The Skill Bias of World Trade*


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     We are grateful to Philippe Aghion, Pol Antras, Olivier Blanchard, Alessandra Bonfiglioli, Giovanni Bruno, Francesco Caselli, Alan Deardorff, Henrik Horn, Gianmarco Ottaviano, Bob Staiger, Alessandro Turrini, Dieter Urban, seminar participants at IIES, Stockholm University, MIT, the EEA Annual Meeting (Venice, 2002), the CNR Conference (Milano, 2002) and especially Daron Acemoglu, Torsten Persson, Jaume Ventura, Fabrizio Zilibotti and two referees for helpful comments. The usual caveat applies. Gino Gancia thanks CREA, the Spanish Ministry of Education, grant SEJ2005-01126 and Generalitat de Catalunya, DURSI, SGR2005 0049 for financial support.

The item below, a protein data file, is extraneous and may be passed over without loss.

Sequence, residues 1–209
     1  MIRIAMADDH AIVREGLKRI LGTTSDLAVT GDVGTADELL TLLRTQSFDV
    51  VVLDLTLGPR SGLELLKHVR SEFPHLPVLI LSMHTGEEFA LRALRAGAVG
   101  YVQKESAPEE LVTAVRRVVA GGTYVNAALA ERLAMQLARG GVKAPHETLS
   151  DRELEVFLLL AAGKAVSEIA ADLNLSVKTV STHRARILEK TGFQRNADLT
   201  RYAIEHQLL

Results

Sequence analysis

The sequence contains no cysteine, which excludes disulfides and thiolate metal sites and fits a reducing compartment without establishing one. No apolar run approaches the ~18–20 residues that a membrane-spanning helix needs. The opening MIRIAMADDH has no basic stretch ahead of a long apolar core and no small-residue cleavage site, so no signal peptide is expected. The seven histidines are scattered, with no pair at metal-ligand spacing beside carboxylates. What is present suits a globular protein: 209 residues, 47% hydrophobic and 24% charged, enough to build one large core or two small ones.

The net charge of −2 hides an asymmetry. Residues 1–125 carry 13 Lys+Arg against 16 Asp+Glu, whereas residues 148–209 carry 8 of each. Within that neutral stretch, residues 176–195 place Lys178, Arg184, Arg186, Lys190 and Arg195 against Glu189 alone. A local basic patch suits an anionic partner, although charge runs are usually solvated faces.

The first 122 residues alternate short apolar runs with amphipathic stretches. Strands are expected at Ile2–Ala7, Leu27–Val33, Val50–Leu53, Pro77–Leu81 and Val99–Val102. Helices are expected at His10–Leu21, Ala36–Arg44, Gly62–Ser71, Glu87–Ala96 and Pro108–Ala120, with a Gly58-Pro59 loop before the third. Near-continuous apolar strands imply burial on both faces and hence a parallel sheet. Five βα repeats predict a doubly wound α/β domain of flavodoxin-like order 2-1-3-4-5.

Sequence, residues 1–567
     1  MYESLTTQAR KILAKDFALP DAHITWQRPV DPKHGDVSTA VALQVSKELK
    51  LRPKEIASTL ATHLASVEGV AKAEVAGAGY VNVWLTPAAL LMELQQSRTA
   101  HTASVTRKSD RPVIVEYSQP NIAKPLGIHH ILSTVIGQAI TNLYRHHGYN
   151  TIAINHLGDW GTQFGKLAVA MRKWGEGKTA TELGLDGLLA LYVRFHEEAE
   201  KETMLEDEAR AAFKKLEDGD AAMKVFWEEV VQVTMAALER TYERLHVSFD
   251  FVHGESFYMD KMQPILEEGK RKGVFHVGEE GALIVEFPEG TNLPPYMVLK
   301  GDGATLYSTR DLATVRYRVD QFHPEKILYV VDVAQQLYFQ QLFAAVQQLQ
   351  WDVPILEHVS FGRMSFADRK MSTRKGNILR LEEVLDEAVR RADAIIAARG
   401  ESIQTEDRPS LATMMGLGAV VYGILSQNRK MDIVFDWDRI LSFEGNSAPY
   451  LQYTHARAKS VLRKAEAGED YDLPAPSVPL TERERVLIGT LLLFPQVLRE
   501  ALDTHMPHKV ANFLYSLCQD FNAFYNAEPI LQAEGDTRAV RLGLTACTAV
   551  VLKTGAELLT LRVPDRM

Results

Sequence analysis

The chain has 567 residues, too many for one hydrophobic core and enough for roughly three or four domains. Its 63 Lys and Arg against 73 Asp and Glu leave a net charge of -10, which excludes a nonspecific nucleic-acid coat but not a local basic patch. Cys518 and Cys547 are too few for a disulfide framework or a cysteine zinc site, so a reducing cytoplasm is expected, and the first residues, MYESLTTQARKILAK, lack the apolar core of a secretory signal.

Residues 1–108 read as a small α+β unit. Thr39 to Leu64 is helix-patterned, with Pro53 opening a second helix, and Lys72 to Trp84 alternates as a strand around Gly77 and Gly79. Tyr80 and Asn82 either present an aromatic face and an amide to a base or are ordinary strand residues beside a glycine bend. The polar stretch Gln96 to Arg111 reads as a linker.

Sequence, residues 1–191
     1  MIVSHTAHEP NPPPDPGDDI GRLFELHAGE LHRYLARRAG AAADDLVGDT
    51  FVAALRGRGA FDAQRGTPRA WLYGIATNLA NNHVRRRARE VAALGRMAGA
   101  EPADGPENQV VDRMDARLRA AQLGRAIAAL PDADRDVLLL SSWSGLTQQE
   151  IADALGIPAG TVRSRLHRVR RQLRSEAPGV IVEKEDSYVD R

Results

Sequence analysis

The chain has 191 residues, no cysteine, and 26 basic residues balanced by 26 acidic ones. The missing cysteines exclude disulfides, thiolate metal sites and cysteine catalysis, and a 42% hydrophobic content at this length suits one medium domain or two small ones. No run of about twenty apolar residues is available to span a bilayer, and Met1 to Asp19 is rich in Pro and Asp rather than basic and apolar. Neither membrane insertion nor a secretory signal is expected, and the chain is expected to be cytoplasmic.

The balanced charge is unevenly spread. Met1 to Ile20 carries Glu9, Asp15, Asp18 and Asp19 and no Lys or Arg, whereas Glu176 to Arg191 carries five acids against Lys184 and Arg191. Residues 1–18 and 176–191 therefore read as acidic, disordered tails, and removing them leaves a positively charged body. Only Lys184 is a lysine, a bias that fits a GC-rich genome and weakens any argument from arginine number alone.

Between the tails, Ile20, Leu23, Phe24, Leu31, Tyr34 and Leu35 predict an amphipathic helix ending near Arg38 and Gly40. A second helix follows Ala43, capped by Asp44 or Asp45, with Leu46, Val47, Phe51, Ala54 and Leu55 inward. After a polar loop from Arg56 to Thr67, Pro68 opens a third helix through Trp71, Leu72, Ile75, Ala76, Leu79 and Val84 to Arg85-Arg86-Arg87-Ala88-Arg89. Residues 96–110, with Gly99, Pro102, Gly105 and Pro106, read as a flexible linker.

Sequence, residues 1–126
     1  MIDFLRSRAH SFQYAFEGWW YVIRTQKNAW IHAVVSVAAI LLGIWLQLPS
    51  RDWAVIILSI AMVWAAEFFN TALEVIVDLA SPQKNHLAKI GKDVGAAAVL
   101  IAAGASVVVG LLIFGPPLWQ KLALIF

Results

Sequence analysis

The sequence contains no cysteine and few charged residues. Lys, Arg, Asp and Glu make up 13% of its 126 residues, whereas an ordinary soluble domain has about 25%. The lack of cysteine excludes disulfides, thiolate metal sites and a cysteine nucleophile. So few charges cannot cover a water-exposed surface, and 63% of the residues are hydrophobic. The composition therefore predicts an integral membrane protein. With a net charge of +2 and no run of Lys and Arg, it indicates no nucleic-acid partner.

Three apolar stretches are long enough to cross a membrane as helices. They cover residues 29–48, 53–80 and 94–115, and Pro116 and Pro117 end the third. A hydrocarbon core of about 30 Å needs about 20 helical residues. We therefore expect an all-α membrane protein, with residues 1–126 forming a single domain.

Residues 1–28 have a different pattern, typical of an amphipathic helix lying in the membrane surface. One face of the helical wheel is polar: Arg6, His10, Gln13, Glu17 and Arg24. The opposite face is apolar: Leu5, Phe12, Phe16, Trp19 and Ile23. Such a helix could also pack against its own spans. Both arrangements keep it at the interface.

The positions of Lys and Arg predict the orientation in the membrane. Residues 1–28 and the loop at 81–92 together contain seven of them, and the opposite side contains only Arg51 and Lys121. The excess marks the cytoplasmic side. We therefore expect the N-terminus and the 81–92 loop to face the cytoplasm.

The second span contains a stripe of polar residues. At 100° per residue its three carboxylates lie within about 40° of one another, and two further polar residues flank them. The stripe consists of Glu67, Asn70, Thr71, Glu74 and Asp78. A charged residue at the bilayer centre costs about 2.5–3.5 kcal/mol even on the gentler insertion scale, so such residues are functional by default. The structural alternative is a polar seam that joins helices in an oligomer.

This article suggests that international trade, even between identical countries, can raise the relative demand for skilled labour. It shows that a simple generalisation of Krugman's (1979) model of trade in differentiated products has implications for the skill premium, through economies of scale rather than Hecksher-Ohlin effects, that are consistent with a number of stylised facts. It provides new evidence in support of these results by showing that increases in market size lead to higher returns to education, skill premia and income inequality.